As we prepare to enter a new decade of investing, it’s time to throw out the old handbook. As investment advisors strive to add value and preserve capital, the industry needs to reboot to meet the seemingly contradictory demands of the new-age investor. This investor expects more but wants to pay less, demands simplicity even as investment products and strategies are increasing in complexity, seeks partnership in addition to leadership, wants efficiency but not at the cost of accuracy, seeks monetary gains but also social impact, and is investing for the long haul but still strives to be adaptable and agile.
In this new world order, investors’ perceptions of risk, return and what drives them to invest have markedly shifted. Factors that have shaped investors’ perceptions and drivers include paradigm shifts in technology, the mayhem caused by the global financial crisis, higher costs of living and education, greater awareness of the environment, concern around gender and racial inequities, and longer life expectancies. These far-reaching and varied influences boil down into three future fundamentals of investing: sustainability, diversity and inclusion, and innovation.
Investors across the globe are embracing the power of their investment dollars to go beyond providing a financial return. For some, sustainability means impact investing, that is, aligning their organization’s mission to their portfolio; for others, it could mean incorporating material strategic information—environment, social and governance (ESG) factors—that look beyond financial statements when underwriting a new investment. Regardless of the term used, the intent is the same: investors are engaging on global issues deliberately and thoughtfully. Sustainable, responsible and impact investing in the United States grew to $11.6 trillion in 2018, a 44% jump from the $8.1 trillion reported in 2016. Companies are responding too by redefining their purpose such that their actions benefit all stakeholders and not just shareholders. Once the domain of philanthropies, this approach is now a widely implementable idea that aims to achieve both a financial gain and a societal contribution. Its execution should be thoughtful and deliberate, and its efficacy measurable.
Diversity and Inclusion
Similarly, it is no longer enough to have diversity just within asset classes, investment strategies, geographies, capitalizations and sectors. Investors are demanding greater diversity and inclusion within their consulting and investment teams as a growing and substantial body of research points to the positive and, in many cases, superior investment performance brought about by diversity and inclusion. Companies in the top quartile for gender diversity on their executive teams were 21% more likely to have above-average profitability than companies in the fourth quartile; for ethnic and cultural diversity, top-quartile companies were 33% more likely to outperform on profitability. Investment teams also want their advisors and portfolio managers to be more representative of the constituencies they serve. In a crowded marketplace of mostly generic investment products, investment teams need diversity of thoughts, ideas and experiences through diversity in gender, race, sexual identity, religion, and social and economic backgrounds.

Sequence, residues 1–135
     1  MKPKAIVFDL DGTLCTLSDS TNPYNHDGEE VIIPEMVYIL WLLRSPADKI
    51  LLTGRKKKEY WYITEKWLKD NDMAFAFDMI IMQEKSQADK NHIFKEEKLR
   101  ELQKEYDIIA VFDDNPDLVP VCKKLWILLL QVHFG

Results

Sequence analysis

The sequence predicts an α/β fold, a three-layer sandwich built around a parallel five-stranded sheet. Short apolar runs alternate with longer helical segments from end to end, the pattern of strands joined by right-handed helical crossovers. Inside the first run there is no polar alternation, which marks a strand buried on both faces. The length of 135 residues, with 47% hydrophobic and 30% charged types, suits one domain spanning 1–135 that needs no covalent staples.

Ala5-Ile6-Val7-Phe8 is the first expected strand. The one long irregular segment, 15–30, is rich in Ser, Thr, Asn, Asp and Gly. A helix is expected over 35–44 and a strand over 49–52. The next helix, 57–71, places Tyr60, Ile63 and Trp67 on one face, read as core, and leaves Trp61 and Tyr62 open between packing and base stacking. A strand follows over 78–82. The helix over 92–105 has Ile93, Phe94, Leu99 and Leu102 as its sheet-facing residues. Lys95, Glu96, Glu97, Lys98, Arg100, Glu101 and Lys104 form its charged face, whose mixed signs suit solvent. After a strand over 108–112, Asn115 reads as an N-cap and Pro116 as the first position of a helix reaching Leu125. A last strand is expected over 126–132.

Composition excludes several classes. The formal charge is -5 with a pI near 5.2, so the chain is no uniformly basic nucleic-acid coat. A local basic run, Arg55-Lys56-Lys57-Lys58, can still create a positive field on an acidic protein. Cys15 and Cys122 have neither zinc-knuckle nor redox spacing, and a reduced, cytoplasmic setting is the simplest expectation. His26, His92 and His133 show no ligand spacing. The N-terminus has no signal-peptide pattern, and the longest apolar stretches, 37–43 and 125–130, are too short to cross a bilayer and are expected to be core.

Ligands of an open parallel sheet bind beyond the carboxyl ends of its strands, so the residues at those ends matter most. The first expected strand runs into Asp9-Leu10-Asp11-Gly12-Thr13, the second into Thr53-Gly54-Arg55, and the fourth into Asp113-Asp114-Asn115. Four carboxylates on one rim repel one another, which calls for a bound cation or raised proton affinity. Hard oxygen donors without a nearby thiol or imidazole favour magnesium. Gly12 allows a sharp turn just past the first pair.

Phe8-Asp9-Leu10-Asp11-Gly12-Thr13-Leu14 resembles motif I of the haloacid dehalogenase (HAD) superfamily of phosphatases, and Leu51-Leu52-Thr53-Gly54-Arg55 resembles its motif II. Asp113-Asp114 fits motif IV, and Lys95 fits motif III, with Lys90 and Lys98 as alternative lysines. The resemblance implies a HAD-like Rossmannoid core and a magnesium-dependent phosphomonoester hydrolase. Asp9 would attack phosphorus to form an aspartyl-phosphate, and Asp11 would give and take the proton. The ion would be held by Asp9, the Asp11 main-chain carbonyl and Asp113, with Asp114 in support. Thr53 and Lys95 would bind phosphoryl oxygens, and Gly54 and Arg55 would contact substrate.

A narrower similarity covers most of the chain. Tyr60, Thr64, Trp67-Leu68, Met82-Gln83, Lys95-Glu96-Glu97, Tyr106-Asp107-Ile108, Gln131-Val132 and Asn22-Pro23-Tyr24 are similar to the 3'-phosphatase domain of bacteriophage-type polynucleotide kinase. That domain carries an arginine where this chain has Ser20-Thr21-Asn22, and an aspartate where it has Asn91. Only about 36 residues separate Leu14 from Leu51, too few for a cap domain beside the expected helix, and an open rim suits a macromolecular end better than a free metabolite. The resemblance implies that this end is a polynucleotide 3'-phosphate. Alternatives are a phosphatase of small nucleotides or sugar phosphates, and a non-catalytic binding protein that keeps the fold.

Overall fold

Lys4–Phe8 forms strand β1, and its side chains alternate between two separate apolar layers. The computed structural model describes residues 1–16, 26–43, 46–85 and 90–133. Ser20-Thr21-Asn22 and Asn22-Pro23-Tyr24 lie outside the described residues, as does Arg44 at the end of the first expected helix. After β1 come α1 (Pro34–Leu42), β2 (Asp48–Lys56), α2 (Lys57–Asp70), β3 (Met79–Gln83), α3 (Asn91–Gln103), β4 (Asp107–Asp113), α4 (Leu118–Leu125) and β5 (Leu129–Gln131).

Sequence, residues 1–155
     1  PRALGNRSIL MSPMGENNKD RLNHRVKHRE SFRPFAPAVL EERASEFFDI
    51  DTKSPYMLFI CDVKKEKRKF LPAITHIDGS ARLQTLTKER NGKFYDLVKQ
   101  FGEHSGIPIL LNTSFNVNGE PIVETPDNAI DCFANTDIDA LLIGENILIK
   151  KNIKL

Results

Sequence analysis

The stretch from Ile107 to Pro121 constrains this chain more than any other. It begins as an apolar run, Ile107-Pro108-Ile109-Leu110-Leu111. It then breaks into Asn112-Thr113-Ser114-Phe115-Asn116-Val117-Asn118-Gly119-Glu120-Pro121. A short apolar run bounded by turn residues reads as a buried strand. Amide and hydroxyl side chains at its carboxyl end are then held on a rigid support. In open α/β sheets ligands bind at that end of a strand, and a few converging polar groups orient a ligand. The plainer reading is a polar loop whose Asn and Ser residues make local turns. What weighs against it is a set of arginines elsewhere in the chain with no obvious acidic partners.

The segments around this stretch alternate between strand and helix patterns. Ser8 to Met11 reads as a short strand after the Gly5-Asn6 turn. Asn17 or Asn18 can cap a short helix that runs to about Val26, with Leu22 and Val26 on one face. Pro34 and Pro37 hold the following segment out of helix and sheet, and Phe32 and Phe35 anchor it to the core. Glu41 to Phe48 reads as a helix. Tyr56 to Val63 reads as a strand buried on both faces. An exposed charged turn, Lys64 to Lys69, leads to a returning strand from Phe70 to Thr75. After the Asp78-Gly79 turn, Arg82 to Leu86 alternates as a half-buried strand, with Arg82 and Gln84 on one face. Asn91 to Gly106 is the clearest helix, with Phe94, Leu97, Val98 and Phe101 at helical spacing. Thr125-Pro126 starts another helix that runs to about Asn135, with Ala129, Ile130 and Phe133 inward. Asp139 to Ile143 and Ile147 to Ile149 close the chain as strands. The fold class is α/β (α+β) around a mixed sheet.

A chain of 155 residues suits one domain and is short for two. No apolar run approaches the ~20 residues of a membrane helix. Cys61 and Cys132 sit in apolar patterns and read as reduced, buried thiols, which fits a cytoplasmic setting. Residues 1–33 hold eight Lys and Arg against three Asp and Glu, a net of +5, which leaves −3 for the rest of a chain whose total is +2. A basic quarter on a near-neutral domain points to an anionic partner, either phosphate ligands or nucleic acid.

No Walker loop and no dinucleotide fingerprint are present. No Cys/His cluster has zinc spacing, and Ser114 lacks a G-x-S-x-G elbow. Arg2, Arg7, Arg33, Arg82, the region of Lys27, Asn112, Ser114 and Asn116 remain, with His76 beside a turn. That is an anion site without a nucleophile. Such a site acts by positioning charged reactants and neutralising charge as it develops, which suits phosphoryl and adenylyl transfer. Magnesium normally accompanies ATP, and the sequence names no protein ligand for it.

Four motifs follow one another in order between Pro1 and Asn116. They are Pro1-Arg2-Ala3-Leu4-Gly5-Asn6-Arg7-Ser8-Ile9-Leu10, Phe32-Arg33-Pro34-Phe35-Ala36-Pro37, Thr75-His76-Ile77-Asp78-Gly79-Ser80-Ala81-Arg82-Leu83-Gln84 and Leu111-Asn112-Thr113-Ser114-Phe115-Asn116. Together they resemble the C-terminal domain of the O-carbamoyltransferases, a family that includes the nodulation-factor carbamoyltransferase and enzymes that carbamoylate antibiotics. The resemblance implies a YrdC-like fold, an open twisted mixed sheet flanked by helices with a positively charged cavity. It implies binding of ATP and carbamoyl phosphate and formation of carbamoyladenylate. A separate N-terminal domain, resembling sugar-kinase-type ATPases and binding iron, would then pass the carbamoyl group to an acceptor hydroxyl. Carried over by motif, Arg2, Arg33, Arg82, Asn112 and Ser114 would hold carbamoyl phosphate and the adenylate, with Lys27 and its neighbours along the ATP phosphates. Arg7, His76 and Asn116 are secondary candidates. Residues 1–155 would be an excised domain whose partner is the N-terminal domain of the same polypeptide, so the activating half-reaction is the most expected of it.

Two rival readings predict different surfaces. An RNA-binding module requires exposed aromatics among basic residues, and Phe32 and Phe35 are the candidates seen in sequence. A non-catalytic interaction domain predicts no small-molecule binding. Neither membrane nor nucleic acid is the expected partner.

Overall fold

It is an oversimplification to think that innovation is just about technology. To be sure, technology does play a key role in increasing efficiencies, be it to provide better services or drive down costs. In the aftermath of the financial crisis, there has been greater vigilance (and, rightfully so) on the part of investors to safeguard their assets. They not only want more access in real time to the performance of their investments, but also are hungry for tools and applications that let them understand and evaluate their portfolios. Additionally, they are also seeking greater transparency into how fees are structured and looking for ways to lower costs related to managing and servicing investments. There’s no doubt about it: advancements in technology are necessary to keep up with the changing investment world.
Innovation also encompasses new investment ideas and tools to evaluate them. Smart investing needs to keep pace with disrupters such as the increasing use of artificial intelligence and big data as investment aids. A heavy focus on past performance carries the risk of missing out on fresh strategies and young teams. While the lengthy track record of a seasoned manager is informative, it may not necessarily be indicative of future performance. To evaluate new funds, ideas and the next generation of investment opportunities, it’s critical to use an inventive blend of proprietary quantitative and qualitative metrics to evaluate to the future success of an investment.
These future fundamentals of investing touch every aspect of the investment process and community. For an in-depth look at the three future fundamentals of investing: sustainability, diversity and inclusion, and innovation, click here. The continued success of our profession depends on how effective investors are at integrating these fundamentals of sustainability, diversity and inclusion, and innovation into their portfolios. It is time to step into 2020 with this new handbook.
Kristine Pelletier is a Partner and Co-Head of the Impact Investing Committee at NEPC.